Parathyroid hormone (PTH) is a key regulator of bone metabolism and is used as anabolic pharmacotherapy for treatment of osteoporosis. Recent evidence suggests that lipids may affect bone metabolism and that intermittent PTH therapy may fail in the presence of hyperlipidemia. This is clinically important because hyperlipidemia is prevalent in patients with osteoporosis even accounting for age. In the hyperlipidemic condition, bioactive derivatives of low-density lipoproteins (LDL) are generated in the subendothelial space of tissues, triggering chronic inflammatory responses including oxidant stress and expression of cytokines and chemokines. We have found that these inflammatory lipoproteins/lipids are also present in bone and that they inhibit osteoblastic differentiation. In additional studies, we and other investigators demonstrated that hyperlipidemic mice have reduced bone density compared to WT mice. Our preliminary studies, both in vitro and in vivo, now show that lipids inhibit PTH-induced immediate early genes, including Nurr1, a transcriptional regulator of osteoblastic genes, by attenuating cyclic AMP production and that hyperlipidemia blunts PTH-induced osteoanabolism in vivo, primarily in cortical bone. These findings strongly suggest that hyperlipidemia induces PTH resistance. Whether PTH resistance is at the molecular and/or tissue level remains to be determined. Since osteoporosis and hyperlipidemia remain widespread despite treatment, understanding effects of lipids on basal (endogenous) and intermittent (exogenous) PTH may provide new approaches to osteoporosis. We hypothesize that inflammatory lipoproteins, which are increased in hyperlipidemia, reduce PTH anabolic effects. Based on our preliminary studies, in Specific Aim 1, we will test in vitro whether the inhibitory mechanism of lipids on PTH-induced cyclic AMP production is at the level of PTH receptor expression, receptor trafficking, downstream at the level of G-protein activation, or further downstream at the level of adenylate cyclase activation.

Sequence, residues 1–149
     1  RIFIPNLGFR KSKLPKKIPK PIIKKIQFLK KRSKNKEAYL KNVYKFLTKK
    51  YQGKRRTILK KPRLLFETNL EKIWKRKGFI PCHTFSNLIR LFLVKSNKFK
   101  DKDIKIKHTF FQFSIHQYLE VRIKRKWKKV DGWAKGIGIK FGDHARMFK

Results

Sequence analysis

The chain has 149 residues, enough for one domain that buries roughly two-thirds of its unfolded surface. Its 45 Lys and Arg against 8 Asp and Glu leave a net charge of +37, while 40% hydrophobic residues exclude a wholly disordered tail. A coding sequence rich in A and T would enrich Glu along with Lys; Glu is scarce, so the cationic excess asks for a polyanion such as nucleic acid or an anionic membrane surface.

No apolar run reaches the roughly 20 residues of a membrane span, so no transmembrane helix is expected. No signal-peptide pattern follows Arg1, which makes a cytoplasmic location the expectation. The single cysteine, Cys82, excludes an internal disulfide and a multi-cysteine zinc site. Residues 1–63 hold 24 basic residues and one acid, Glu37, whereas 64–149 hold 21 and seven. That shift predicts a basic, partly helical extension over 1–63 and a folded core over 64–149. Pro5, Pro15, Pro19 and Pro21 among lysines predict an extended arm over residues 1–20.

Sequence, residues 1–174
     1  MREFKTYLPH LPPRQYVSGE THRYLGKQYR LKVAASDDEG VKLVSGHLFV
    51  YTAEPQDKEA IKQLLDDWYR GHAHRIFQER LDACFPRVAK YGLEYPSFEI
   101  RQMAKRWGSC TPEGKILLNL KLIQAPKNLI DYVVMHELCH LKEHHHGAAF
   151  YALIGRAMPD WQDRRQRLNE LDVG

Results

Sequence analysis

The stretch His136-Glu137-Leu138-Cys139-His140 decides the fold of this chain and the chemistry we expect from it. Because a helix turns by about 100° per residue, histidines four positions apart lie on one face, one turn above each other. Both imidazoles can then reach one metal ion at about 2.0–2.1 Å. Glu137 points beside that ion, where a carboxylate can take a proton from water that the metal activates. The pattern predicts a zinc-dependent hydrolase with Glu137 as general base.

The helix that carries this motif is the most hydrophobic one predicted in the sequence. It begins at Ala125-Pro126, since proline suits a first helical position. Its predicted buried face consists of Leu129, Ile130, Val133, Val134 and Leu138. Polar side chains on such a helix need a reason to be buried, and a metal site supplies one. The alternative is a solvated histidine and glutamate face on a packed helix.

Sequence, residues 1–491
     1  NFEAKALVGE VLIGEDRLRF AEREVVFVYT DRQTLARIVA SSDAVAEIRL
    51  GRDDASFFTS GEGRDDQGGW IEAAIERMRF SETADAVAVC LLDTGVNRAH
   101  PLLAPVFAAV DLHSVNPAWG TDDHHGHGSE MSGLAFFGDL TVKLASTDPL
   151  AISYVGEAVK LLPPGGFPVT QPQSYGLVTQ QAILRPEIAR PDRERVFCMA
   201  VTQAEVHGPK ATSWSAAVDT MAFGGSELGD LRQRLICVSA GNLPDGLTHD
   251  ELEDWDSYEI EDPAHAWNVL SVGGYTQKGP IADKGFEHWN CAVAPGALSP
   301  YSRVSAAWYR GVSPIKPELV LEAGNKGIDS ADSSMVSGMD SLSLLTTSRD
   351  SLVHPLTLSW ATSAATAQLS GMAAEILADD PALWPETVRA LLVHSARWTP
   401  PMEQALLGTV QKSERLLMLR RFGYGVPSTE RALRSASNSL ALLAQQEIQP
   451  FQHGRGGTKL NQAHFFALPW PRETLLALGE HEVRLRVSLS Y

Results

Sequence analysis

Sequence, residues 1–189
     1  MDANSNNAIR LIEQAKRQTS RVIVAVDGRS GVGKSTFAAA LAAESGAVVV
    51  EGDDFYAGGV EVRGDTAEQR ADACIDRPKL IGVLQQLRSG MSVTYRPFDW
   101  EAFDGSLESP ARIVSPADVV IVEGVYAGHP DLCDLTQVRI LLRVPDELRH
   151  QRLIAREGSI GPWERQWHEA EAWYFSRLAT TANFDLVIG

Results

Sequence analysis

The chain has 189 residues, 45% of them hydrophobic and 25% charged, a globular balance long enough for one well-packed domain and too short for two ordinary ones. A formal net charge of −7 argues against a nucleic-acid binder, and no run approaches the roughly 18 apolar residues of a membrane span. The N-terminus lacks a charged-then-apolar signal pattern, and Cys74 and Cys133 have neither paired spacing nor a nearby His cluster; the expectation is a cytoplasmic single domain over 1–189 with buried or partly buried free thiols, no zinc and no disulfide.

In Specific Aim 2, we will identify the level at which lipid-induced PTH resistance occurs in vivo: at the level of differentiation of marrow progenitors toward osteogenic vs. adipogenic lineages;anabolic responses of mature osteoblasts/osteocytes;and/or transient expression of osteoclastogenic factors by osteoblasts. We will generate Ldlr-/- mice that express green fluorescent protein targeted to osteoblasts and osteocytes.
In Specific Aim 3, we will test whether reducing hyperlipidemia or inhibiting lipid oxidation will reverse PTH resistance in vivo by measuring bone density, histomorphometric parameters and bone turnover markers in the hyperlipidemic (Ldlr-/-) mice that are treated with liver X receptor agonists or that overexpress the anti-oxidant enzyme, paraoxonase-1. These proposed studies will provide insights into how inflammatory lipids inhibit PTH-induced osteoanabolism, pinpoint the site of inhibitory action within the PTH signaling pathway, and demonstrate approaches to reverse lipid-induced PTH dysregulation.
Relevance to Public Health High cholesterol is common in patients with the low bone density disease, osteoporosis. Parathyroid hormone treatment is a promising therapy for osteoporosis, but evidence suggests that it may be much less effective in patients with high cholesterol. The proposed studies will determine how unmanaged cholesterol level reduces efficacy of the treatment so that corrective strategies can be developed.
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